VICTORIA AZARENKA: Yeah, it's been tough Asian swing, but I think, you know, whatever happens happens for a reason, and has definitely made me understand how to maybe schedule things better. It's nobody's fault, another learning experience for me. I was in training in Switzerland, I went to Australia for a little bit, and I had a little bit of rest.
I have been practicing, so I'm excited to just play the tournament and see how it goes. It's the last one of the year, so I'm ready to give it all here.
Q. Wondered how important it is for a young player to have a steady coaching relationship, how important it is to hear the same ‑‑not the same message, but having a consistent partnership with a coach over a period of time?
VICTORIA AZARENKA: I have always been a true believer in that, because I see a lot of players, man and woman, changing, switching coaches at different, you know, stages of their career, and I always have long relationships with a coach.
I feel like there is good in that, because you go through a lot of experience, good and bad experience, and you learn. It's important that your coach can educate you not only on court but educate your life, and you respect somebody for a longer period of time, longer period you know them.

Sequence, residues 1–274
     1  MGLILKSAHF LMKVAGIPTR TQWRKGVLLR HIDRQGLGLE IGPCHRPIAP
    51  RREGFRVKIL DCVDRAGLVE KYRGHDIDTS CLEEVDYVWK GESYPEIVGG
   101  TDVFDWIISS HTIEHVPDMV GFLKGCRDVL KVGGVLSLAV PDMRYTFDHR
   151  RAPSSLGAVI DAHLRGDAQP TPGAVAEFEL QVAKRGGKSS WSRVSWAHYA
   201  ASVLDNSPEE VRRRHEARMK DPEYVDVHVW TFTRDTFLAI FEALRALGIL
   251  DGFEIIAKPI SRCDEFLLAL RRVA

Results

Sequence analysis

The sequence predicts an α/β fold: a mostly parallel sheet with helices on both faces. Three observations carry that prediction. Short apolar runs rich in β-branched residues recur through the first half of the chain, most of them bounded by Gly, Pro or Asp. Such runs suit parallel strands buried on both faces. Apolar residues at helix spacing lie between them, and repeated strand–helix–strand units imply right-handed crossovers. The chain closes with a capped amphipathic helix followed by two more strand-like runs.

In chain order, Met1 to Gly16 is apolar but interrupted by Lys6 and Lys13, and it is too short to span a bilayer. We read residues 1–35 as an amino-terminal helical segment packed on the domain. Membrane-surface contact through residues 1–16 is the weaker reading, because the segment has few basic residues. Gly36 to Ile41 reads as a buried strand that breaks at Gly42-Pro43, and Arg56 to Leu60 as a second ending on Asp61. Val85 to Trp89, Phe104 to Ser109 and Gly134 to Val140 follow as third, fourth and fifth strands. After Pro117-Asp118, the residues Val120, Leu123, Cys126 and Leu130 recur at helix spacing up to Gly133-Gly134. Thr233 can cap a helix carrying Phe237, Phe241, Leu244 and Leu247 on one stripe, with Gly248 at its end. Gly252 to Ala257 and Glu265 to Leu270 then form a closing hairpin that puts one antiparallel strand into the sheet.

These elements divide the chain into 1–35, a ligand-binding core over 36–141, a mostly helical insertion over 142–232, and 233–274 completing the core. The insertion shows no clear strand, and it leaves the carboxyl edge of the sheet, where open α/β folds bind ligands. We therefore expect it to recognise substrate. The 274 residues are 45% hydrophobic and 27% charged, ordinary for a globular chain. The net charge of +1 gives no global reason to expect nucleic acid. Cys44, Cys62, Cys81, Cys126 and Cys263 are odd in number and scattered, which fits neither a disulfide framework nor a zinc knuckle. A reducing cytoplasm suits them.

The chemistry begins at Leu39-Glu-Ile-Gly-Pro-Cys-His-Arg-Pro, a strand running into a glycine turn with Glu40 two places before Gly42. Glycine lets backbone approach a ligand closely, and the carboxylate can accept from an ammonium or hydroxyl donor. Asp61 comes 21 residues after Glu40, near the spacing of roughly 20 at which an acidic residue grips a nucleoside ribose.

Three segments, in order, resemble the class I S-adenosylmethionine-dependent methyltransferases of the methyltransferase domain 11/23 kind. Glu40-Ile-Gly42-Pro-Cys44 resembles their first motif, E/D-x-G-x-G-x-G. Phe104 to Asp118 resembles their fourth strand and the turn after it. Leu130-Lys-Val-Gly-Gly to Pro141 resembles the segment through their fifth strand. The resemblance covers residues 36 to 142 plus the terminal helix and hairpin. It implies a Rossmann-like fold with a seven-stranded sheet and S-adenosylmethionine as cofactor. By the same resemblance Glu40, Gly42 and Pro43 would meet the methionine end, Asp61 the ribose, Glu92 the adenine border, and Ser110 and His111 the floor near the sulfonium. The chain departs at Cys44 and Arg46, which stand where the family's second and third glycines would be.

I think that can bring your success together when you just learn and communicate and grow together.
Q. You mentioned Australia before. Your boyfriend is obviously there doing television. Did you sneak in without being noticed?
VICTORIA AZARENKA: I didn't sneak in there. I love people who knew I was there. I was actually wearing my beanie and sunglasses, and I still couldn't get avoided.
I mean, my boyfriend is pretty recognizable with all this (showing big hair) so it's hard to hide.
Q. He's talked a lot about watching you perform, sitting on the sidelines. What's it like for you watching him on television?
VICTORIA AZARENKA: It's funny, because he's a funny dude. You know, I watch all the X factors and stuff, and then we talk about it. I give my opinions, you know, but it's really fun, because I know him from one side and I see him on the television with a little different side.